Praise for Declan Burke: “Burke shows again that he’s not just a comic genius, but also a fine dramatic writer and storyteller.” – Booklist. “Proust meets Chandler over a pint of Guinness.” – Spectator. “Among the most memorable books of the year, of any genre.” – Sunday Times. “A hardboiled delight.” – Guardian. “Imagine Donald Westlake and Richard Stark collaborating on a screwball noir.” – Kirkus Reviews. “A cross between Raymond Chandler and Flann O’Brien.” – John Banville.

Tuesday, May 25, 2010

Nobody Move, This is a Review: ELEGY FOR APRIL by Benjamin Black

John Banville’s alter ego is back with a fourth Benjamin Black novel, the third in the Quirke series. This time, the pathologist has been in situ at an institution called St John of the Cross, drying out. When he comes home, his daughter asks him to investigate the disappearance of her best friend, April Latimer, a well-connected junior doctor at the same hospital where he works.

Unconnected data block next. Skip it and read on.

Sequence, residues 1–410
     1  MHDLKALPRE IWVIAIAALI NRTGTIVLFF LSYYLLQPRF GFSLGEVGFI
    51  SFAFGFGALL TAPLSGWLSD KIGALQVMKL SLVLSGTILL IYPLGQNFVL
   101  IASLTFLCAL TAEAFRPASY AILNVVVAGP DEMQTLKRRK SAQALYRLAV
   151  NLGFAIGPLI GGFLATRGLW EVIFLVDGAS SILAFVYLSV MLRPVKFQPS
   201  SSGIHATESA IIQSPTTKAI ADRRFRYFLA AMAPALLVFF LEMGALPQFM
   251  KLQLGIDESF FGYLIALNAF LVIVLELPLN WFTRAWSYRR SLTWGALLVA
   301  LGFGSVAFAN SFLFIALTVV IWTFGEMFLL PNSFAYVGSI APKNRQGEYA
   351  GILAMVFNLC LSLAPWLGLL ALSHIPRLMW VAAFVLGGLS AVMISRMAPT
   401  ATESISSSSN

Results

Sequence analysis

April is independent-minded and is considered to have something of a ‘wild’ reputation in the conservative social atmosphere of Dublin in the 1950s, dictated by a patriarchal Catholic hierarchy which is headed by Archbishop John Charles McQuaid, who pops up fictionally as a confidante of April’s family. (Other real-life characters of the time also find their way into the story, which can, at times, feel like over-embellishment).
  Quirke humours his daughter, and quickly gets to work doing what he does best: poking around, conducting post-mortems on people’s buried secrets and asking questions in an intensely claustrophobic city where a scandal can be hushed up with one phone call from a government minister’s office to a newspaper editor. What he eventually uncovers is deeply unsettling and, combined with Black’s superb characterisation and sense of place, ELEGY FOR APRIL will insinuate itself into the dark crevices of your mind like the novel’s ubiquitous Dublin fog. - Claire Coughlan

1 comment:

Larraine said...

just finished this novel and found it both exhausting and fascinating - one thing about Black/Banville, his prose is truly elegant - it's the darkness that I find fascinating: the character's darkness as well as the darkness of the society. We're seeing it from Quirke's point of view which, admittedly, is dark. That ending came as a surprise to be sure. Contrived? Maybe. Still,I wasn't expecting that ending.